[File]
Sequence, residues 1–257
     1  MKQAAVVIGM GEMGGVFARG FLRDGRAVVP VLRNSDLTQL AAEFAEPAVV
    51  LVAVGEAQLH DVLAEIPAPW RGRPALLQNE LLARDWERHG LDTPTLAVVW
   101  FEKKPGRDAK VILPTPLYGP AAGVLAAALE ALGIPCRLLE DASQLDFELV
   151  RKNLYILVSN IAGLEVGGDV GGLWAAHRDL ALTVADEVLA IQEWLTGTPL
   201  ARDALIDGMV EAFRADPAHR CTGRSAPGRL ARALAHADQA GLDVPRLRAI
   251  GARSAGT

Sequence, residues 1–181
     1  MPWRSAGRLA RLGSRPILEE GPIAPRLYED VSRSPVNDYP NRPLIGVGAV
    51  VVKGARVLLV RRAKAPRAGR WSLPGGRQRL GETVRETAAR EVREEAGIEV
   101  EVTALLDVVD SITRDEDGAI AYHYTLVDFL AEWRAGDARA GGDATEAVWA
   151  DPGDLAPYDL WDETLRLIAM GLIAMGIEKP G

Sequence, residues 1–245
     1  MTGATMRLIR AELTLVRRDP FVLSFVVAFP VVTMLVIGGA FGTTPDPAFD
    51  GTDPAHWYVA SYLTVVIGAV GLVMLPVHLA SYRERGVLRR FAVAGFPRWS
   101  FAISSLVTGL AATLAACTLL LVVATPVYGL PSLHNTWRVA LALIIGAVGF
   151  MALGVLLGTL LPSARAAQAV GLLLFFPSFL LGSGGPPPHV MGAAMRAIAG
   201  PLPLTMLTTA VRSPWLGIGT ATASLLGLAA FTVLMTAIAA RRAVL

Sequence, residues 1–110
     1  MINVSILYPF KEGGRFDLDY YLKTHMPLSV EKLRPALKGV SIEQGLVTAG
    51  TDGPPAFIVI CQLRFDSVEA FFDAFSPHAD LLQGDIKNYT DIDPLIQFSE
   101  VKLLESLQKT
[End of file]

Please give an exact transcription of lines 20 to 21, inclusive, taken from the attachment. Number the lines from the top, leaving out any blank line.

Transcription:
     1  MINVSILYPF KEGGRFDLDY YLKTHMPLSV EKLRPALKGV SIEQGLVTAG
    51  TDGPPAFIVI CQLRFDSVEA FFDAFSPHAD LLQGDIKNYT DIDPLIQFSE